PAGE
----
Originally published in HFM Week Guernsey Supplement, May 2007
Ever-changing, forward-thinking legislation and increasingly straightforward regulation, is making it simpler and easier to establish new funds in Guernsey. The introduction of the PCC concept, the success of the Qualifying Investor Funds and the Harwood Report provide adequate illustrations of this in recent years.
The rationale of the Guernsey Financial Services Commission (GFSC) is obvious – make it quick, make it easy and more fund business will be attracted to Guernsey. The manner in which it has been achieved has also been important because they have done it through close interaction and dialogue with the fund industry thereby ensuring that everyone is onside.
The figures speak for themselves and the GFSC reported funds under management and administration for 2006 of £130.2 billion, a year-end record high, which was an increase over the year of 30.2%. Also of interest though, is that non-Guernsey schemes, for which some aspect of Guernsey administration or management only was provided, also reached a new record high of £25.1billion, representing an increase over the year of 21.2%.
These figures reflect an important, and perhaps unexpected, spin-off from the continual, dynamic changes – they have encouraged the evolution of the boutique fund administrator.
Boutiques have always been around, but the intense and rapid changes to the regulatory environment in recent years, together with the high costs of compliance and corporate governance, priced them out of the market. Arguably, there was a period of consolidation in the market that saw the boutiques swallowed by the larger corporations, while the industry took stock of the impact of the legislative and regulatory changes.
However, several years on, the constructive manner in which the regulatory authorities have managed to relax the rules, whilst crucially maintaining their robustness and efficacy, has encouraged the re-emergence of the boutique administrator as the entrepreneurs within the industry see and seize the opportunity.
So, what does the boutique fund administrator offer that the large institution does not?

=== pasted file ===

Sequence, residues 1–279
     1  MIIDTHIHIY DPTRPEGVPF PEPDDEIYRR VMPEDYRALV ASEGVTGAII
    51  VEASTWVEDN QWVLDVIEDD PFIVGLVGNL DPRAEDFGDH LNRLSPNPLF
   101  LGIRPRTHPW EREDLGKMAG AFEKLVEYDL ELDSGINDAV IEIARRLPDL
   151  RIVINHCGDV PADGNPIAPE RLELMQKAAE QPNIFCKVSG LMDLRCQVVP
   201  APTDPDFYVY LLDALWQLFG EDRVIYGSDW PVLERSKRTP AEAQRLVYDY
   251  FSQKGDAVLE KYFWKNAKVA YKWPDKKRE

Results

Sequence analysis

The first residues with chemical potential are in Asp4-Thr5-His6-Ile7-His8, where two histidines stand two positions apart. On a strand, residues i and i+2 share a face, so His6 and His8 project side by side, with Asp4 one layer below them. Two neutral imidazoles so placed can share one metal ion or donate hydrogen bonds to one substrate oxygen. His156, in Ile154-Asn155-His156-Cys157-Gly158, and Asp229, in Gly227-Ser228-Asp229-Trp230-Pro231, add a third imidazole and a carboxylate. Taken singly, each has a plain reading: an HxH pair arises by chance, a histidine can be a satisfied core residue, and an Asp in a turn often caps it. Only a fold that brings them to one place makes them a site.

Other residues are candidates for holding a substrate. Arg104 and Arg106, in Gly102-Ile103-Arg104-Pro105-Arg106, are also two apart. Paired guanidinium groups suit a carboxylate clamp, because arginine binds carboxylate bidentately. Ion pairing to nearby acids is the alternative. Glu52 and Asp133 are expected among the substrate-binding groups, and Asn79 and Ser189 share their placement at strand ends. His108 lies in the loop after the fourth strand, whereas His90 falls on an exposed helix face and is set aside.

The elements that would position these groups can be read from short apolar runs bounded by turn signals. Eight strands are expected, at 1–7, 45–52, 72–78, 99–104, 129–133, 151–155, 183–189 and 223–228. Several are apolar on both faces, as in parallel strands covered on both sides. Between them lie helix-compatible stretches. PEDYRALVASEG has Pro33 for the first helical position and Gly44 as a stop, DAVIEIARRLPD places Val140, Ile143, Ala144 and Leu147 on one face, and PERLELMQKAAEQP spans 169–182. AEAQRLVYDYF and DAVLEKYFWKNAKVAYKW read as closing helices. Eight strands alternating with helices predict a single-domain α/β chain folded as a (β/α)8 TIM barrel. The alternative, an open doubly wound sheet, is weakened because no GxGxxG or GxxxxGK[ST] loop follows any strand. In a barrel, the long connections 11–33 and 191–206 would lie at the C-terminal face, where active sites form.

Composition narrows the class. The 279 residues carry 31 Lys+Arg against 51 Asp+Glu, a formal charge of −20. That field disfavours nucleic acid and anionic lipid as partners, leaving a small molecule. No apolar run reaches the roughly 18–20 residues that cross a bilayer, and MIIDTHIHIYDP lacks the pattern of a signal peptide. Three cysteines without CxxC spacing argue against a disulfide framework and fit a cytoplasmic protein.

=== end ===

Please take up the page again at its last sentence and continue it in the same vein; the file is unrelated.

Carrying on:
Primarily, a boutique such as ourselves at Louvre Fund Management, offer a friendly, hand-holding service. We are not a provider of custody, banking or the legal work. Instead the boutique offers a closer relationship and a single point of contact with a specialist administrator. They, in turn, will work with the manager and the advisors to the fund or recommend appropriate service providers in Guernsey.
In doing this they offer choice and take on a crucial co-ordination role.
The boutique is also an advantage to the smaller, perhaps less experienced fund manager. Larger, more experienced institutions go straight to the large Guernsey institutions because they require the full suite of services for a large fund. They will be looking for custodial, legal, banking and accounting services as a one-stop, often fee negotiable, package.
Whereas the smaller manager may require an initial consultancy process during which the more personal boutique, such as Louvre, can guide the manager through the options available for their needs. Maybe they need a cell in a PCC, perhaps they need to follow the QIF route or establish a Limited Partnership, whatever the requirement boutiques such as Louvre coordinate, advise and follow the process through to the establishment of the fund.
What follows from the boutique is the provision of a bespoke and personal administration service meeting the precise needs of the manager, whether a specialist fund manager, or the manager who has all of the other services on tap already and simply needs administration of the fund to be demonstrably in Guernsey.
The importance of this last point cannot be over emphasised, particularly for many UK and European fund managers who have suffered increased scrutiny from their regulators in recent years. The principal reason for this is the taxation perspective.
The UK revenue has included the offshore funds sector as part of their ‘special arrangements’ initiative and investigations and their focus is on identifying the ‘true’ jurisdiction of management and control. Clearly, they are hoping to show that the fund is UK resident and therefore liable to tax there!
Using a boutique that can offer qualified and knowledgeable non-executive directors to the board and, importantly, hold regular and frequent board meetings to demonstrate administrative knowledge and control is crucial. They will also be closer to the manager and have a greater depth of understanding of the underlying business. In short, they will be more involved.
From a general point of view, it is also worth highlighting the enviable and close position of Guernsey to the UK and Europe that allows non-Guernsey based directors easy access to the island for the purpose of regular board meetings.
The rise in Guernsey of the small specialist boutique administrator and manager reflects the success of Guernsey’s fund industry. They are a response to the needs of the growing number of alternative fund managers and they reflect the depth of experience and expertise that is available within the island and the maturity of the industry as a whole.
For more information about Guernsey's finance industry please visit www.guernseyfinance.com.
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